Great Performances: The Hollow Crown
Airs Fridays, September 20 - October 11, 2013 at 9 p.m. on KPBS TV
Tuesday, September 17, 2013
THE HOLLOW CROWN, a lavish, four-part miniseries, assembles four of Shakespeare’s history plays — "Richard II," "Henry IV, Part I," & "Henry IV, Part II" and "Henry V" — into a single chronological narrative. The original “Game of Thrones” has inspired bold film adaptations with a cast of leading British and Hollywood talent including Jeremy Irons, Tom Hiddleston, Ben Whishaw, Rory Kinnear, Patrick Stewart, John Hurt, Julie Walters, David Suchet, Michelle Dockery and David Morrissey. This series premieres on THIRTEEN’s GREAT PERFORMANCES beginning Friday, September 20, 2013 at 9 p.m.
"Richard II" airs Friday, Sept. 20 at 9 p.m. - King Richard (Ben Whishaw) is called upon to settle a dispute between his cousin Henry Bolingbroke (Rory Kinnear) and Thomas Mowbray (James Purefoy). Richard calls for a duel but then halts it just before swords clash. Both men are banished from the realm. Richard visits John of Gaunt (Patrick Stewart), Bolingbroke’s Father, who, in the throes of death, reprimands the King.
Infographics: Shakespeare’s Game of the Hollow Crown
Using Shakespeare’s "Richard II," "Henry IV, Part I" and "Henry IV, Part II" as your map, follow the history of rebellion in turn of the 15th century England and the successive stories of three kings: Richard II, Henry IV and Henry V.
David Horn, executive producer of GREAT PERFORMANCES, affirms, “THE HOLLOW CROWN continues our series’ commitment to bringing exceptional Shakespeare performances to the series, following, as it does, our recent productions of "King Lear," "Hamlet," and "Macbeth," and of course, THIRTEEN’s SHAKESPEARE UNCOVERED series earlier this year which featured tantalizing clips from these very productions which we’re now so pleased to be showing in full.”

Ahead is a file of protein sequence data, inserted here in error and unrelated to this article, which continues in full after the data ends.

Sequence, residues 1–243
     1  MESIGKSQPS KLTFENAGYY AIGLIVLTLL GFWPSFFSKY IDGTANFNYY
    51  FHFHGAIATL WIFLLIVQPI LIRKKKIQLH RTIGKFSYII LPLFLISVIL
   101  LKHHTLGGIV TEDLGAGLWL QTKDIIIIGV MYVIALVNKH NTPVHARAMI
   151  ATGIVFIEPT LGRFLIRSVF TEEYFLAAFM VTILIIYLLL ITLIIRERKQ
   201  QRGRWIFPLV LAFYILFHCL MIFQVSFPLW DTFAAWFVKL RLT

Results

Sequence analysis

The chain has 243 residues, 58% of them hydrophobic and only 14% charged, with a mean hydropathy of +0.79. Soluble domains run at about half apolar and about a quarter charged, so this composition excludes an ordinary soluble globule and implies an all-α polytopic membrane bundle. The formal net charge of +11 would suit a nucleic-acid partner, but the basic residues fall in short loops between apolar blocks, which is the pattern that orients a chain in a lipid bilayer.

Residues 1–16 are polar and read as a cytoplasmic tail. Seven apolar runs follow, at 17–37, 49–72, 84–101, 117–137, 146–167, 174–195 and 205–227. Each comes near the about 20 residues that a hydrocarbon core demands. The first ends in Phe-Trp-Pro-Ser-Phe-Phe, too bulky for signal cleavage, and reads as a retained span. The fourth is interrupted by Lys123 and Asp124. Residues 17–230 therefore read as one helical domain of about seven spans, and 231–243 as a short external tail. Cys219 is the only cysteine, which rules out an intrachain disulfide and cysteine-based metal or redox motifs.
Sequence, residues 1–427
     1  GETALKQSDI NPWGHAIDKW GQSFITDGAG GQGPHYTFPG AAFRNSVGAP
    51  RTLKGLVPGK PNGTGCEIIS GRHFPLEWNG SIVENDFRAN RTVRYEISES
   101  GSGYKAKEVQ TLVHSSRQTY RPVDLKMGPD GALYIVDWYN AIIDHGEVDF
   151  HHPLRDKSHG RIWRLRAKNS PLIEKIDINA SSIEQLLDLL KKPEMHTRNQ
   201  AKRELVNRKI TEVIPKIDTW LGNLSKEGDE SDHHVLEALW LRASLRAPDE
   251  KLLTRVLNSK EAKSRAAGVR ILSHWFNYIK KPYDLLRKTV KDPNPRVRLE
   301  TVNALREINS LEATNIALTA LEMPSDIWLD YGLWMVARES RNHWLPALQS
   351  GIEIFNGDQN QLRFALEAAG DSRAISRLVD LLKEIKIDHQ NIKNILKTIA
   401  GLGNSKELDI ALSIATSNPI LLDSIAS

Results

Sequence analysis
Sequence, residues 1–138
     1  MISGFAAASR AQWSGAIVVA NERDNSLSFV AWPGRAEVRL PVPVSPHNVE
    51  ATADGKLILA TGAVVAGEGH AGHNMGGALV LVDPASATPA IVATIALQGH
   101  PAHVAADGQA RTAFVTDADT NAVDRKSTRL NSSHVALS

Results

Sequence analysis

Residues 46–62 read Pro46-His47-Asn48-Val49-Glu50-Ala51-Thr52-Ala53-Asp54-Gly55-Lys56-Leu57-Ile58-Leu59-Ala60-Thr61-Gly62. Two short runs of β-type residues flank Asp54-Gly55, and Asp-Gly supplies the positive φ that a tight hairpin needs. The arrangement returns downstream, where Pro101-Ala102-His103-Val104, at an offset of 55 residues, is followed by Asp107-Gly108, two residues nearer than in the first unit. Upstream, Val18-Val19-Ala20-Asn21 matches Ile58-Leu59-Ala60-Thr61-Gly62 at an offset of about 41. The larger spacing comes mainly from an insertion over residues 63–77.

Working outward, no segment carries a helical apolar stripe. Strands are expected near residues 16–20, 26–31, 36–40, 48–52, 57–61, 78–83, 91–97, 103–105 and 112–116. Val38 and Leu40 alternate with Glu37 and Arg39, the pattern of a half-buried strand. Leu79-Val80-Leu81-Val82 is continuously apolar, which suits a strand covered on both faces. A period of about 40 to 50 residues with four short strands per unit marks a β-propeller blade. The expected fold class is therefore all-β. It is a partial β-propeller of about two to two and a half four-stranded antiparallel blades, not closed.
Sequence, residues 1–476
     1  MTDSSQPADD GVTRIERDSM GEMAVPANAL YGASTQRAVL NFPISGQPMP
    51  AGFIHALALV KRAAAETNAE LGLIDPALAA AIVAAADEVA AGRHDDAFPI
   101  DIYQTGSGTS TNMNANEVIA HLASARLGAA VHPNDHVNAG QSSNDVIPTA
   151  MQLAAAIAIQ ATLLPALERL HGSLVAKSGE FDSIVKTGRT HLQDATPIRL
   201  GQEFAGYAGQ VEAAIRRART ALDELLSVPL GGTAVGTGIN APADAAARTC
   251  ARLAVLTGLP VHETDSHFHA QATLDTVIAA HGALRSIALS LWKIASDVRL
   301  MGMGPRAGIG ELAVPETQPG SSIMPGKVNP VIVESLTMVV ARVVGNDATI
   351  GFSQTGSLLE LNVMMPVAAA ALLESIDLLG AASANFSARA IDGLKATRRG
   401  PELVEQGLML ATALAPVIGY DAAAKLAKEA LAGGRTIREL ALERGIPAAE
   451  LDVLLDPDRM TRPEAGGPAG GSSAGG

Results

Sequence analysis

After seizing Gaunt’s money and lands, Richard leaves for wars against the rebels in Ireland. Bolingbroke returns to claim back his inheritance. Supported by his allies, Northumberland (David Morrissey) and the Duke of York (David Suchet), Bolingbroke takes Richard prisoner and lays claim to the throne.
"Henry IV, Part I" airs Friday, Sept. 27 at 9 p.m. - The heir to the throne, Prince Hal (Tom Hiddleston), defies his father, King Henry (Jeremy Irons), by spending his time at Mistress Quickly’s (Julie Walters) tavern in the company of the dissolute Falstaff (Simon Russell Beale) and his companions.
The King is threatened by a rebellion led by Hal’s rival, Hotspur (Joe Armstrong), Hotspur’s father Northumberland (Alun Armstrong) and his uncle Worcester (David Hayman). In the face of this danger to the state, Prince Hal joins his father to defeat the rebels at the Battle of Shrewsbury and kill Hotspur in hand-to-hand combat. Michelle Dockery plays Hotspur’s wife, Kate Percy.
"Henry IV, Part II" airs Friday, Oct. 4 at 9 p.m. - In the aftermath of the Battle of Shrewsbury, Northumberland learns of the death of his son. The Lord Chief Justice (Geoffrey Palmer) attempts, on behalf of the increasingly frail King, to separate Falstaff from Prince Hal.
The rebels continue to plot insurrection. Falstaff is sent to recruit soldiers and takes his leave of his mistress, Doll Tearsheet (Maxine Peake).
The rebel forces are overcome. This brings comfort to the dying King, who is finally reconciled to his son. Falstaff rushes to Hal’s coronation with expectations of high office, only to be rebuffed by the former prince who has now become King Henry V.
"Henry V" airs Friday, Oct. 11 at 9 p.m. - Henry V has settled onto the throne and has the makings of a fine King. The French Ambassador (Jérémie Covillault) brings a challenge from the French Dauphin. Inspired by his courtiers, including Exeter (Anton Lesser) and York (Paterson Joseph), Henry swears that he will, with all force, answer this challenge. The Chorus (John Hurt) tells of England’s preparations for war and Henry’s army sails for France. After Exeter’s diplomacy is rebuffed by the French King (Lambert Wilson), Henry lays a heavy siege and captures Harfleur. The French now take Henry’s claims seriously and challenge the English army to battle at Agincourt. Henry and his meager forces prove victorious against all odds.
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